Agile Development

Agile development is amazing or horrible depending on who you talk to! But this is because its original intent has been hijacked. Being agile is a good idea at its core.

People generally agree that software development can be expensive. So many businesses want to predict development costs before they invest in a product. If only it were that simple.

FAKE Agile is easy to sell…

Unfortunately, shady folks in the software industry pander to this desire for certainty. They know it’s easier to work with management when you don’t ask them to change. So they peddle around a compromised message for what agile development really takes. One that lets founders and investors believe they’re agile – with none of the benefits.

When budgeted to cost estimates, development is actually more expensive. This often causes products to generate less revenue. The industry needs methods that are more successful at delivering profitable software.

Agile development requires humility

Companies must change how they invest in software development before these more successful methods can be realized. But people in positions of power aren’t always eager to try things contrary to their experience. Regardless, we must convince them they can’t predict everything the customer will want (or the true cost of the product) up-front. Otherwise agile development won’t really benefit them.

When up-front estimation is done, software developers feel the pressure. They have to work overtime when projects inevitably go over schedule. ? Do you “hate agile” or are you on a team with people who do? This is usually the reason why.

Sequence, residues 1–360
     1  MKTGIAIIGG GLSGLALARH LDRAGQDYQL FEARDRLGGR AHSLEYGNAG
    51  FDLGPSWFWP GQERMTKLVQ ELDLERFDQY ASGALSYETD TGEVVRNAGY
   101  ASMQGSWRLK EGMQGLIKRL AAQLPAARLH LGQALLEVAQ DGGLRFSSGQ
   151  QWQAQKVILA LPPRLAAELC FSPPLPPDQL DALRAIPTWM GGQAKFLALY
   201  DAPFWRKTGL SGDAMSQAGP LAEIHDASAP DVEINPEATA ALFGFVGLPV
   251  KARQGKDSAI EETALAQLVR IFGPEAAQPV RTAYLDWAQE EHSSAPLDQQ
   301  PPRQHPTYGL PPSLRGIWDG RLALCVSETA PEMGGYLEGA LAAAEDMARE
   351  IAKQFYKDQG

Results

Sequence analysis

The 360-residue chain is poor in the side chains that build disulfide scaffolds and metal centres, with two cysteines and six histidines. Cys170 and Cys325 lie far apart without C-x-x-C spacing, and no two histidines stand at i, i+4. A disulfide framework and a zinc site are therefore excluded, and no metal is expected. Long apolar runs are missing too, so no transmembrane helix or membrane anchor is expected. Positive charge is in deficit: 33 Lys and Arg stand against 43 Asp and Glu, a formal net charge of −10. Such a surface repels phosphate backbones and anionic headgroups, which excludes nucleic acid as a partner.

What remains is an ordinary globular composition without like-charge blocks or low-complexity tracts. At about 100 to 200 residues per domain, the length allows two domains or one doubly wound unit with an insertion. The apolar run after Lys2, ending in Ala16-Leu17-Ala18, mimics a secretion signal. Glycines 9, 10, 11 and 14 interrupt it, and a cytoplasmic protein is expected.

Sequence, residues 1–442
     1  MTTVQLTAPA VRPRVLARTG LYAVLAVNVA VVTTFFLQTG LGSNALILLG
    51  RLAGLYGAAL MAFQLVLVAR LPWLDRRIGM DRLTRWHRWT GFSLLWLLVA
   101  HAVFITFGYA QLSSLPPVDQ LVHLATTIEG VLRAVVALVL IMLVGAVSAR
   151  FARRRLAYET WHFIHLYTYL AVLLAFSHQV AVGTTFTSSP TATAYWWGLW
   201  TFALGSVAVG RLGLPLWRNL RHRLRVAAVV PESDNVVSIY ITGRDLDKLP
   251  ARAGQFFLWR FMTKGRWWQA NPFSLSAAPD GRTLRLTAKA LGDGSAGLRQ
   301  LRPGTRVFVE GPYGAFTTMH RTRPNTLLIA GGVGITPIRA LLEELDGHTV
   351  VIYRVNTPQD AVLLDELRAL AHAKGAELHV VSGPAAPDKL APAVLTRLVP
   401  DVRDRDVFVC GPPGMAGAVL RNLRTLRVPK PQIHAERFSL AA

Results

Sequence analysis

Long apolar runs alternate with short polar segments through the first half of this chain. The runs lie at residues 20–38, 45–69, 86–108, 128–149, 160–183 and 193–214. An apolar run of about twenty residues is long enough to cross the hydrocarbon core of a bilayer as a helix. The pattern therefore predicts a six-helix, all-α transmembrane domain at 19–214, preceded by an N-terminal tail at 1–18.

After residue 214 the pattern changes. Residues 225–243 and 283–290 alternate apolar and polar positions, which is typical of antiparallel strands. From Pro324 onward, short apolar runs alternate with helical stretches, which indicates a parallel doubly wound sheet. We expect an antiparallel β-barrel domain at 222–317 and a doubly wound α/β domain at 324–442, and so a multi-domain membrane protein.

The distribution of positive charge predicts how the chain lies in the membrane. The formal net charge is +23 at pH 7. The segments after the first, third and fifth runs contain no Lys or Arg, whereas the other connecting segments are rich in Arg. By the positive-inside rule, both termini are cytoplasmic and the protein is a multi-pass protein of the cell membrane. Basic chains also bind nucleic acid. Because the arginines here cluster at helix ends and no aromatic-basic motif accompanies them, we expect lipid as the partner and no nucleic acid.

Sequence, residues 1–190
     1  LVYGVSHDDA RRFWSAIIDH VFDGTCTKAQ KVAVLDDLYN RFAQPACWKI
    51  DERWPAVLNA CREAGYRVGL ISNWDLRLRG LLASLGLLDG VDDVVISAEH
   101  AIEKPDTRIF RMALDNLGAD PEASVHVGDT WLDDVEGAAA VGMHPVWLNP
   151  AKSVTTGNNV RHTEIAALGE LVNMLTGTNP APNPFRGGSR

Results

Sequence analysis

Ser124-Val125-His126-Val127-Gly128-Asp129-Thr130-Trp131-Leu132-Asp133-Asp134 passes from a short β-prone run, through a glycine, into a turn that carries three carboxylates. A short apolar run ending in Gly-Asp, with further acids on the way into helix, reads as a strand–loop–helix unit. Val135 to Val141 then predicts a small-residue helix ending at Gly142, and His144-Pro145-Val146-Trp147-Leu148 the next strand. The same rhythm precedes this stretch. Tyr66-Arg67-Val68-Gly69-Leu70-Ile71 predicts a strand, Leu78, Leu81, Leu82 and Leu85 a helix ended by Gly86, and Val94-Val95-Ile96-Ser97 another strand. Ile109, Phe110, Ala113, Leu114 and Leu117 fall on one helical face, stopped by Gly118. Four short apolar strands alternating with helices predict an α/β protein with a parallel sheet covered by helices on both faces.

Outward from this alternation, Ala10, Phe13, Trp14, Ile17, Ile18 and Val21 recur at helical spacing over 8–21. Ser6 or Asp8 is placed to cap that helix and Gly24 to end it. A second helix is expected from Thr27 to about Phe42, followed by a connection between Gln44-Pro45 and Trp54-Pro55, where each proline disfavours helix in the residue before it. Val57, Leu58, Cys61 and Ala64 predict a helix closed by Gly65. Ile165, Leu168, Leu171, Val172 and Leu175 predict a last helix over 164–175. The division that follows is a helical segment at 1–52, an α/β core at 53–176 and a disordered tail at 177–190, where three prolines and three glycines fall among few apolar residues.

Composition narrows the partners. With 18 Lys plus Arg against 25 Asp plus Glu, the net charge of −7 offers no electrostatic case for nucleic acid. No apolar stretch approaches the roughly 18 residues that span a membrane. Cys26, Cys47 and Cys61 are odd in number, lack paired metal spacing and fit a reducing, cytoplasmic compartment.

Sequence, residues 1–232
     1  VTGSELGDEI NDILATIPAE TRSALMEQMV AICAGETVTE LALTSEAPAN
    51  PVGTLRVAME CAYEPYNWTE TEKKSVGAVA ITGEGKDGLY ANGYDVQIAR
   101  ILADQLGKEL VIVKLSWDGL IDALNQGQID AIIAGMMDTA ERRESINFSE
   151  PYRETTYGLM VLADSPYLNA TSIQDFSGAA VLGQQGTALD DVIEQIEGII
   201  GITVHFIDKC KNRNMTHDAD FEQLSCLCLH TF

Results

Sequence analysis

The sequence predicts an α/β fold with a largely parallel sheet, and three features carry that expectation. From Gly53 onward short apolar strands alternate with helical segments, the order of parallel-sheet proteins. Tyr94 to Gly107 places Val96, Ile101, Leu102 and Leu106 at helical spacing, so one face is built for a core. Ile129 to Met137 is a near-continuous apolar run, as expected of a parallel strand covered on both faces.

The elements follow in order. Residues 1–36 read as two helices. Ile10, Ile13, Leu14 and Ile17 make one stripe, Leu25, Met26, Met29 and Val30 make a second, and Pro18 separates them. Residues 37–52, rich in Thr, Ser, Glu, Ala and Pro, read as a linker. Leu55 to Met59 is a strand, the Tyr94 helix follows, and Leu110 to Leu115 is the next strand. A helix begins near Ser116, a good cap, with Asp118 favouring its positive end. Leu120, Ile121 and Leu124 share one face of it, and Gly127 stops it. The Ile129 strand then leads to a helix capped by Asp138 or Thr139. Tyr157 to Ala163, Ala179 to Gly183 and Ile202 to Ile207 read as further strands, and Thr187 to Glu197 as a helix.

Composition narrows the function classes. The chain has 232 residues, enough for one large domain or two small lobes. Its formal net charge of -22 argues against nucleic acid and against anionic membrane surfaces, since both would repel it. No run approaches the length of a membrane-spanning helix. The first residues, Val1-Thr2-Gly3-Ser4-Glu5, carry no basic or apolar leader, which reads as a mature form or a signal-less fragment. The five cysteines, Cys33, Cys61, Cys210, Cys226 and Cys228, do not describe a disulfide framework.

Agile development teaches you what customers pay for

Agile development helps software teams spend less money before getting a return on investment when done correctly. But teams need to budget without “locking them in” to a fixed scope.

Instead of trying to determine costs, businesses must estimate the market opportunity first. This answers the question: how much revenue would we generate if we deliver this to our customers? Armed with this information they can decide: “how much are we willing to spend to pursue that revenue”?

Agile development won’t work with a fixed budget

This offers a big advantage over budgeting a traditional waterfall (or fake agile) project. It frees the team to spend the budget over a period of time (say a year) without tracking it to a schedule. Instead they deliver tiny ideas to their customer regularly. They gather feedback about what customers think. And they change their ideas until customers will pay for them. In essence they discover the most successful product.

Unfortunately doing this requires courage many investors and founders of software companies don’t have. They would rather believe the lie that they can predict costs. Even if they could discover more profitable features driven by customer feedback.

So they fall back into thinking they can forecast software development like most other industries. When this happens, teams often follow all the typical agile processes (Scrum or Kanban, DevOps, Continuous Delivery etc.) – but they miss out on the biggest benefits!

True agile development is RARE

Much of my career has been spent educating IT consulting clients on the benefits of truly agile development. But old habits die hard. Agile development isn’t about getting work done faster. It’s about delivering the right thing to customers! Investing less at a time, releasing more often, and being able to quickly change direction makes this possible.


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